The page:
Why was I deceived?

Common Question from Spouses: “How could I have been deceived for so many years?”

Soon after my husband and I got married, one of our cars died; and, we were left with a car that can be summed up in a few words: Beater with a Heater. The gauges on that car were not exactly reliable. One of the gauges that could not be trusted was the gas gauge: It would run out of gas before the gauge reached the red zone. I had to remind myself constantly that the gauge was not showing me the accurate amount of fuel.  If I forgot the gauge was off, I could end up in a mess.

I believe this illustrates how wives can be married to a sex addict and not realize it for so many years. I mean, hopefully their car gauges work, but their healthy/unhealthy gauges do not. In other words, their discernment regarding what a healthy person versus an unhealthy person or relationship looks like is off. And there is only one thing worse than a car’s gas gauge being off, and that is: when it is off, but I do not realize it. Because then I am driving down the road, wind blowing through my hair, singing along with the radio, and suddenly I hear a putter. I find out this person I am married to has been acting out in deviant sexual behavior for many years, and I am absolutely shocked.

During the ten years I have been involved in the Partners in Process group for wives of sex addicts, I have seen many ladies ask themselves this question: How were they deceived for so many years? How did they not know about their husband’s sexual addiction? They thought things were OK. Now, they fear they will never be able to trust again. They feel crazy, like they cannot trust their own senses. Recently, I listened to yet another wife ask me how she could have been deceived for so many years, and it really got me thinking: “how it is that a wife can be married to this man and not see that something is terribly wrong?”. Most wives have some inklings over the years that something is off, but they are floored when they find out the depth of what has been happening.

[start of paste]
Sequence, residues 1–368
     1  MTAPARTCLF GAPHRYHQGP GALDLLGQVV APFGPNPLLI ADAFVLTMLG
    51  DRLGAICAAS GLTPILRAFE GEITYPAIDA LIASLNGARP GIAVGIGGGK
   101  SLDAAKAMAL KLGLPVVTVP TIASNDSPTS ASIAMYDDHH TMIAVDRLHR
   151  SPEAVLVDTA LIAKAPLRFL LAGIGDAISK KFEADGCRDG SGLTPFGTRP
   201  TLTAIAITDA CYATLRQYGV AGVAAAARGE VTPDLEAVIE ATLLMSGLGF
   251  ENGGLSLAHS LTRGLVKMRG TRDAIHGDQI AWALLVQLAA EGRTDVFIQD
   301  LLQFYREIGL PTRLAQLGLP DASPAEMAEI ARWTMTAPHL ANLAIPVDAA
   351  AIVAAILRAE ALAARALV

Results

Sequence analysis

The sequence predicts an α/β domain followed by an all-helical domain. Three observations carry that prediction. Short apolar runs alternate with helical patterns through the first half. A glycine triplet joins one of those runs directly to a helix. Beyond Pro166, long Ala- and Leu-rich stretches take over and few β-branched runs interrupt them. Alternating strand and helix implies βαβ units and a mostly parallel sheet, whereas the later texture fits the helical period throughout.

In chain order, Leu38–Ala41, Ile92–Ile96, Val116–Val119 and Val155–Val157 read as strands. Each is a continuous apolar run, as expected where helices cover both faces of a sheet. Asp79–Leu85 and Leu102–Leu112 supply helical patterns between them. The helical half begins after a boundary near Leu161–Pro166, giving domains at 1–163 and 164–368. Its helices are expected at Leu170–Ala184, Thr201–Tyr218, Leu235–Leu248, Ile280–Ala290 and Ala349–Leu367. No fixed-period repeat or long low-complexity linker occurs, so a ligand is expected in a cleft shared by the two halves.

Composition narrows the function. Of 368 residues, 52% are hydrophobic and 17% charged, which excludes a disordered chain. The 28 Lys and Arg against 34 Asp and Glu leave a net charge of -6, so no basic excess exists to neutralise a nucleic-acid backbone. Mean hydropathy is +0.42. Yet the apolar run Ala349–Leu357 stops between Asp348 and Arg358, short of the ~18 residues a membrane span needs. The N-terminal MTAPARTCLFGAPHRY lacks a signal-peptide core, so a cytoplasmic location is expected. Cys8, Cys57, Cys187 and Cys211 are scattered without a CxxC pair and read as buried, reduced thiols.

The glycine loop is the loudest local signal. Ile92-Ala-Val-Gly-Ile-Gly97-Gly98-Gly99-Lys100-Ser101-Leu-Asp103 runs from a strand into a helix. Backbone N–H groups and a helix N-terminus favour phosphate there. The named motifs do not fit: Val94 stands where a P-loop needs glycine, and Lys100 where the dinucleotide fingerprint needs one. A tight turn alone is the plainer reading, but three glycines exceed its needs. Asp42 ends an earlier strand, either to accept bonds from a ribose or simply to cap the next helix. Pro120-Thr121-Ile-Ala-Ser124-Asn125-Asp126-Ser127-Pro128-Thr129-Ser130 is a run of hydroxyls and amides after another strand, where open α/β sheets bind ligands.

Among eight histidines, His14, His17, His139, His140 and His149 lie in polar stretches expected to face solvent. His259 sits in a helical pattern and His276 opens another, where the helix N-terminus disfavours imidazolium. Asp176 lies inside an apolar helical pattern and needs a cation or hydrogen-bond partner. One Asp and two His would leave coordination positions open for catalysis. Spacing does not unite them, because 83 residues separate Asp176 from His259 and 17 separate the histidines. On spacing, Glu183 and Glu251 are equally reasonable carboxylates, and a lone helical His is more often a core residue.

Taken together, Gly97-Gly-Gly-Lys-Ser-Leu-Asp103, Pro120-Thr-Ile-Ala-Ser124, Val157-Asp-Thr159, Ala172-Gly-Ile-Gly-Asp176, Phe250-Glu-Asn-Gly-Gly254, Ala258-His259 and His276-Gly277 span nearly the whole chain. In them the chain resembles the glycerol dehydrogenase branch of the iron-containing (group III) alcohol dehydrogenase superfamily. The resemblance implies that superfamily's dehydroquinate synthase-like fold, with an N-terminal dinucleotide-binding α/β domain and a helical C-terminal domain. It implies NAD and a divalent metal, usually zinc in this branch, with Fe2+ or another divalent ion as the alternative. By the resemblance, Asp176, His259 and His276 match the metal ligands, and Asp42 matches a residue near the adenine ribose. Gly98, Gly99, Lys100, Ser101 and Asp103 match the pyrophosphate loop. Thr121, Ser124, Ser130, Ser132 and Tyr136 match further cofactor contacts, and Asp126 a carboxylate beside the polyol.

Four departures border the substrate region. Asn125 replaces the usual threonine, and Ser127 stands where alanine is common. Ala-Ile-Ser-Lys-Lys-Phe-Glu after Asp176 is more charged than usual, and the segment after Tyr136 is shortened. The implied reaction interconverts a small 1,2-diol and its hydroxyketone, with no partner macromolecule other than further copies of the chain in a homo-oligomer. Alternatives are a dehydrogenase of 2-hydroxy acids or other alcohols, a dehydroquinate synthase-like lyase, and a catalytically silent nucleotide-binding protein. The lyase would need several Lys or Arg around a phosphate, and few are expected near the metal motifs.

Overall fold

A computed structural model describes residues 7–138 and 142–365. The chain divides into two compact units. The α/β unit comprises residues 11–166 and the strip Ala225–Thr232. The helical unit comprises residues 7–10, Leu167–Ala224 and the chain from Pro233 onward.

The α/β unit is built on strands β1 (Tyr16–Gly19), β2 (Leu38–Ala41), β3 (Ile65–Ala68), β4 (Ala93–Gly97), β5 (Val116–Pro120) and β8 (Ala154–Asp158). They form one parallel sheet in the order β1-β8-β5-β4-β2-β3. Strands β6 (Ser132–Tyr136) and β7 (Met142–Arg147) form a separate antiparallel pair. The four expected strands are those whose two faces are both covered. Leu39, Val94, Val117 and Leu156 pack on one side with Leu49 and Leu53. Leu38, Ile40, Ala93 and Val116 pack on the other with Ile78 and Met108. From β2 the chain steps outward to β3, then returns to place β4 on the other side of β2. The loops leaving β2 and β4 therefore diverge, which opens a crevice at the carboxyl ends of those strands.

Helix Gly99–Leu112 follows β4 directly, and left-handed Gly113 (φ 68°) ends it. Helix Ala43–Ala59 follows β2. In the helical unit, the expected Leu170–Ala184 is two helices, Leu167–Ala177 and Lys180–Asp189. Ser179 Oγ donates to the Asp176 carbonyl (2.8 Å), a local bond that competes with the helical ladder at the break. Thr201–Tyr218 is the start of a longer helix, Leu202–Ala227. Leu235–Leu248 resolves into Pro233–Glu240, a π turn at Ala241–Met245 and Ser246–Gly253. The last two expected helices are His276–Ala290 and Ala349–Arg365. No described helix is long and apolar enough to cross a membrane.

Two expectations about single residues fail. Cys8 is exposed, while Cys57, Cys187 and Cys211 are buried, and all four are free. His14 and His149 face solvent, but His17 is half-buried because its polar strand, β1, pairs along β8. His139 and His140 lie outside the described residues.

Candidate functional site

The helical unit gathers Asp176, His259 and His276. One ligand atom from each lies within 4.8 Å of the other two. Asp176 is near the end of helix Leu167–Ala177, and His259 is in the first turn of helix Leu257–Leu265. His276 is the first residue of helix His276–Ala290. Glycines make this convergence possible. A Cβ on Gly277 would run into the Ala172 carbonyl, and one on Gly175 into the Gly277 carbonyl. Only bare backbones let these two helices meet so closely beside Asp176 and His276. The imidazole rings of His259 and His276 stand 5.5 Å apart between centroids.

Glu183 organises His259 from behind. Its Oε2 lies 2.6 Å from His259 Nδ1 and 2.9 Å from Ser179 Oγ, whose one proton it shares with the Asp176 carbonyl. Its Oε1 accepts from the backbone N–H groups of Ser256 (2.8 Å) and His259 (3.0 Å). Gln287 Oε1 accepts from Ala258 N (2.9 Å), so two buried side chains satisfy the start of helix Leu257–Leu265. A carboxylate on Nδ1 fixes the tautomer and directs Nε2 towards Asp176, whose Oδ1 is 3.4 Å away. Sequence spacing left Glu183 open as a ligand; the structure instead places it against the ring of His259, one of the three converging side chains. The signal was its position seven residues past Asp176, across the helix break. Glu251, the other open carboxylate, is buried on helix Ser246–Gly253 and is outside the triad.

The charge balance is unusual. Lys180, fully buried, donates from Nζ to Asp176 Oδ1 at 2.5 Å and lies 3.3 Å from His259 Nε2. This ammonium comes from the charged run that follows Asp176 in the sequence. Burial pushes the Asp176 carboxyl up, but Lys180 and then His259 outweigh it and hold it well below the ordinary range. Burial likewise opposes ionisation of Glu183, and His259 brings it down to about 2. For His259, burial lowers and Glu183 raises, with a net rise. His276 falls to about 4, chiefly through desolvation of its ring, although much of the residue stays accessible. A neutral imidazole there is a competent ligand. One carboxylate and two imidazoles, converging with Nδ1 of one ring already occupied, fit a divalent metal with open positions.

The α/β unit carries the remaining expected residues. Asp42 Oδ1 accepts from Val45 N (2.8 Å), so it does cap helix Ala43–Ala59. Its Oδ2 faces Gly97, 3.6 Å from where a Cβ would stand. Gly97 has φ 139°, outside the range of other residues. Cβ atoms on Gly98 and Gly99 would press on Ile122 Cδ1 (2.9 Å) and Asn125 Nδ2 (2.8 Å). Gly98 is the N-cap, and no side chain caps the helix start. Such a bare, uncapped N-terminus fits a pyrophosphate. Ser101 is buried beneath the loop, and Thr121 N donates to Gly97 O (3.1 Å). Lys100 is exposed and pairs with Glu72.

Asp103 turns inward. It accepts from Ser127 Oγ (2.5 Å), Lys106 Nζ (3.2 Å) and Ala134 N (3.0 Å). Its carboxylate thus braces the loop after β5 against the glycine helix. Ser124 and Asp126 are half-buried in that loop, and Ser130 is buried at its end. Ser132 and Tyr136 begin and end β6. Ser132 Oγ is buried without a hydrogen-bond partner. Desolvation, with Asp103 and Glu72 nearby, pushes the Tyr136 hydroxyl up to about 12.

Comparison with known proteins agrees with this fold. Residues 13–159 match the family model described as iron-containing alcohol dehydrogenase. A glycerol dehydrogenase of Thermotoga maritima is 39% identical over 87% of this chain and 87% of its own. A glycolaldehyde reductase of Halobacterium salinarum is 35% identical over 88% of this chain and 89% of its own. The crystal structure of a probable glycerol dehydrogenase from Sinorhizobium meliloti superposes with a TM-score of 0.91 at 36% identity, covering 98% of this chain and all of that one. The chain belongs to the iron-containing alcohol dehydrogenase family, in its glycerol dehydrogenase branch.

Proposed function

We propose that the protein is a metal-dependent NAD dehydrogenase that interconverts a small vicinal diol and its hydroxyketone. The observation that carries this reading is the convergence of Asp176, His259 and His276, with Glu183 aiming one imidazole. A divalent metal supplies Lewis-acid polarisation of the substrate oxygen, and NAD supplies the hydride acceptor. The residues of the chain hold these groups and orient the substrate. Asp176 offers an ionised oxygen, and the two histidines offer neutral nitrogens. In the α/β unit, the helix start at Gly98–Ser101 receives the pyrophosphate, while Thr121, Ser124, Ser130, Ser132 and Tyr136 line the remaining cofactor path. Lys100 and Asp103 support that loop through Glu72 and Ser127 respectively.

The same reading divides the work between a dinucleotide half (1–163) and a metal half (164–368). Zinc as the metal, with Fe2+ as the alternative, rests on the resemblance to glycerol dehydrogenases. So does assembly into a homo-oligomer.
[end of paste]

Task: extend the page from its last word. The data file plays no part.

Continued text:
So, how does this happen? How can my gauge regarding reality be so off?

In pondering this question, it is common to believe that maybe the sexual behaviors are isolated, that this man is a pretty healthy person in almost every other way. Otherwise, I would have noticed, right? He was just really good at hiding these behaviors? Unfortunately, no. This thinking falls short because that is not the way addiction works. An otherwise healthy person does not become a sex addict. The sexual addiction is only the tip of the iceberg. Under that iceberg, there is a whole slew of issues. The tip of the iceberg is just the most obvious. So, if something is terribly off in every way, why did I not recognize it?

It is a sign that my unhealthy/healthy gauge is off, which brings up a question worth looking at: How do each of us personally decide what is healthy and what is not? Well, I am sure this is not an all-inclusive list, but here are a few factors that can negatively impact our discernment.

The first thing that influences us is our relationships, especially our closest relationships. Our view of what is healthy and what is not, what is okay and what is not okay, can become very wacked out beginning at a young age.  As children, we tend to believe that what is happening in our home is normal. Even in the most extreme situations, such as sexual abuse, children do not know that what is happening to them is horribly wrong. And, the messages we received as children become very ingrained in us. If we always saw our parents talking badly about each other, we might believe that is normal. If we did not see boundaries being set in a healthy way, we may not realize healthy boundaries are an option. I have heard it said that if we do not actively strive to change family patterns, we will repeat them. The generational cycles are not broken without diligent effort. We have to be intentional about challenging our ingrained viewpoints of healthy and unhealthy. It is our responsibility to do so.